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Saturday, July 6, 2013

Even an MD can learn a thing or two from their patients

On my twitter feed this morning: "Some nurses enter your room to look at the monitor & collect data. Others ask how you are. What kind of teacher are you?" Got me thinking I should post the talk from Dr. Amy Cowan at my grandmothers funeral a few weeks ago. One of the finest talks in any setting I have had the pleasure of hearing in person.

"I first met Jeanne last year in clinic. It was the beginning of my fellowship in geriatrics and the prior three years of residency had left me tired, worn out and slightly suspicious. I was used to sleep deprivation, long days on my feet in the hospital and keeping an objective distance from my patients. This distance I believed would protect me from disfiguring heartache. It would legitimize me as a physician and keep my life perfectly organized. Work over there. Personal life over here. I failed to realize the human connection I had with my patients was part of what gave my work its meaning. My failures were overlooked by Jeanne. She saw it instead for what it was...a learning opportunity. Over the course of a year Jeanne would start out as my patient, become my teacher and later a member of my chosen family.

Before I ever met her I could hear her laughing. A distinct chuckle coming out of Exam room 3. I walked in to find a trim, once tall woman, shock of curly white hair, blue eyes, long denim skirt, navaho belt and turquoise jewelry. There was something in me that recognized something in her. Any flicker of recognition vanished as she told me in a dismissive voice, I wasn’t exactly what she was expecting.
“You aren’t a short, fat man, honey!” And just like that we both burst into irreverent laughter. And just like that there was a crack in my medical armor.

Like any patient she had concerns and requests or so she claimed. She used to tell me that we met for a reason. That she came to the VA to find me. I didn’t really understand this until she died. It wasn’t meant as a compliment. In addition to completing her tasks with friends and the church, waiting to say good bye to her grandson Zach and embracing her beloved daughter with all she had, Jeanne also left a legacy with me. Jeanne let me fail as her physician. When I could have been listening, I was typing, my attention focused on a computer monitor not on the patient. When I could have asked her how she wanted the end of her life to be, I ordered tests and wrote prescriptions. About the only thing that she considered useful was a sheet with a few hand written suggestions about symptom management I had once given her.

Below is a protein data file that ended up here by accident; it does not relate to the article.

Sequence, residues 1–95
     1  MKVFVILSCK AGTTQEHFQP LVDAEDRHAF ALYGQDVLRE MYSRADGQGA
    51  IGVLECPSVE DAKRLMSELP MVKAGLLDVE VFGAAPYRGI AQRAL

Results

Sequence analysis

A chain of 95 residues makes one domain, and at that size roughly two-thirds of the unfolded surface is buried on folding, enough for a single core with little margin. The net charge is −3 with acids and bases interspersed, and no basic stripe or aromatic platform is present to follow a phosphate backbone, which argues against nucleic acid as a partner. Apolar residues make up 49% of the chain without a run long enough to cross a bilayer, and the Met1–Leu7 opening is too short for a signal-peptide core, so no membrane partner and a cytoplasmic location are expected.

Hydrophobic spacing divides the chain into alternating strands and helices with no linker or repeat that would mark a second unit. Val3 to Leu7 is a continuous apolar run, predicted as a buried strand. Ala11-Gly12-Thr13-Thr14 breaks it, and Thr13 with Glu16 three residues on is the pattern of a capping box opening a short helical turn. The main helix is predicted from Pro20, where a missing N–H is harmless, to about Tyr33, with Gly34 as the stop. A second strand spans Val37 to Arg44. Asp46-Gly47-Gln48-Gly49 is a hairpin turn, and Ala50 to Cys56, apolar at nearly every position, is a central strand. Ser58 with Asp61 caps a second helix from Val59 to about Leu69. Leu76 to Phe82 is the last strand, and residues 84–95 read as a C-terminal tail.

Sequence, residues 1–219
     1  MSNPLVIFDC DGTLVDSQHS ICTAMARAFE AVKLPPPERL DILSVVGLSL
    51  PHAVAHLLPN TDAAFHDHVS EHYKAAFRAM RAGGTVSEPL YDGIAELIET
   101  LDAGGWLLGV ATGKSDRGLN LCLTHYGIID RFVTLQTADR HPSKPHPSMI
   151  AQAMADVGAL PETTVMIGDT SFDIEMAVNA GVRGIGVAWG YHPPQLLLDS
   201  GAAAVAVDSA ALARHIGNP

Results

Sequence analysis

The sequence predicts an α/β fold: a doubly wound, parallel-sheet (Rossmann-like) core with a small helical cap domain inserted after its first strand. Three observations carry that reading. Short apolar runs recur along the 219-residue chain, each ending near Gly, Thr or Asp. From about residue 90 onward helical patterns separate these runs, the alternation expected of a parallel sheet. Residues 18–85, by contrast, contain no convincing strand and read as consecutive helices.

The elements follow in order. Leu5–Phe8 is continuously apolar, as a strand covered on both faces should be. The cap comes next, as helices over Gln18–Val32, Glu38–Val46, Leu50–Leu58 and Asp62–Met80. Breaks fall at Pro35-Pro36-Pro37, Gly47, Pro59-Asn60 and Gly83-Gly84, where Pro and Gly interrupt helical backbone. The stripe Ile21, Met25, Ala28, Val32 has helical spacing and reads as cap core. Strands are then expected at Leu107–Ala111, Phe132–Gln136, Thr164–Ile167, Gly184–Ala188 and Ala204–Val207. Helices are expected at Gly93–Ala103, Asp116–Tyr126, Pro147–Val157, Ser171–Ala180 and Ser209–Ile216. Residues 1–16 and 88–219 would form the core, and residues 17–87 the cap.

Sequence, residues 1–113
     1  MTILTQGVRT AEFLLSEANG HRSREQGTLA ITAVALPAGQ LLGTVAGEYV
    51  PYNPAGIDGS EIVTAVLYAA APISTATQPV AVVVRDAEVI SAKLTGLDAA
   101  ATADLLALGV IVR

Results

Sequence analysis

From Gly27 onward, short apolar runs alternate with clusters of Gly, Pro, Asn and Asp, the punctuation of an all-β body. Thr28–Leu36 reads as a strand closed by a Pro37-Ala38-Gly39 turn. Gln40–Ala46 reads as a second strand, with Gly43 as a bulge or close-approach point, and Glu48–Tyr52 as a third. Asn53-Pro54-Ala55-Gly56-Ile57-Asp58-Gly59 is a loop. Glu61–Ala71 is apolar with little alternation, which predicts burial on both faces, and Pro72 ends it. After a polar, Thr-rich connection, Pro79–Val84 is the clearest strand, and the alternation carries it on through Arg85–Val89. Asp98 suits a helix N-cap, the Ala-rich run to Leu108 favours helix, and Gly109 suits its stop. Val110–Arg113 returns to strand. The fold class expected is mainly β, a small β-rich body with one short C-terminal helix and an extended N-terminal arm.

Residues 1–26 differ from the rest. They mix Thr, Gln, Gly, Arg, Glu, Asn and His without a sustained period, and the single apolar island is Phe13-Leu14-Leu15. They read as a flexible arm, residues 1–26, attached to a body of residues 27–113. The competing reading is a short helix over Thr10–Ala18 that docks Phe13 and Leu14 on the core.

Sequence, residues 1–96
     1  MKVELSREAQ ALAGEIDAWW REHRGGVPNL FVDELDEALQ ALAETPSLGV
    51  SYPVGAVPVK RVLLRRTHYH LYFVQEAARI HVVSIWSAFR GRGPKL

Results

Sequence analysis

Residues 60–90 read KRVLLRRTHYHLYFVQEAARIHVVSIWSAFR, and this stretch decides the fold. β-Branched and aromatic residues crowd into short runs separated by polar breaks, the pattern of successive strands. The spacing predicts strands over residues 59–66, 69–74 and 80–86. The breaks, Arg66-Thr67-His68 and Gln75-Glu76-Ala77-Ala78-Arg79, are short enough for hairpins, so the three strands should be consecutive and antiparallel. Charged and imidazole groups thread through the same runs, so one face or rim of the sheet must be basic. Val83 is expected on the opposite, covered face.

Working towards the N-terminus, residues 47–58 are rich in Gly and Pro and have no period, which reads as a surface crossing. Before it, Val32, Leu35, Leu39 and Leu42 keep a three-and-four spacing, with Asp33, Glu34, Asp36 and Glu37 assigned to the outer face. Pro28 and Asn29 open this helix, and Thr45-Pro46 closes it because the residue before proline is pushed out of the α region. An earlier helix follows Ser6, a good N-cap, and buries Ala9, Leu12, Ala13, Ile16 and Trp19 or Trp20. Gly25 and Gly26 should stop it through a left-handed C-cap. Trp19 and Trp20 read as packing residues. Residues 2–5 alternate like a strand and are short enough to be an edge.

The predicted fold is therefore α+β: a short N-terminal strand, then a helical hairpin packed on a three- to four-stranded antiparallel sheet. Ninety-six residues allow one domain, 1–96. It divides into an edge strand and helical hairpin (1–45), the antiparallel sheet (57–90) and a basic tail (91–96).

With time and more practice I began to ask the questions I hadn’t asked. I became a better a listener. I slowed down. I turned away from the computer. I turned my iPhone to silent mode. I made eye contact. Clinics became less frenetic. There was less of me driving a snow plow pushing my agenda and more asking my patients what was important to them. There was also more laughter, story telling and once even an impromptu poetry reading in Geri fellow clinic B. With the increased connection there was more depth, more joy and meaning. Jeanne once told me to know rich joy, you have to taste sorrow. She was right. If my eyes welled up with tears, well so be it.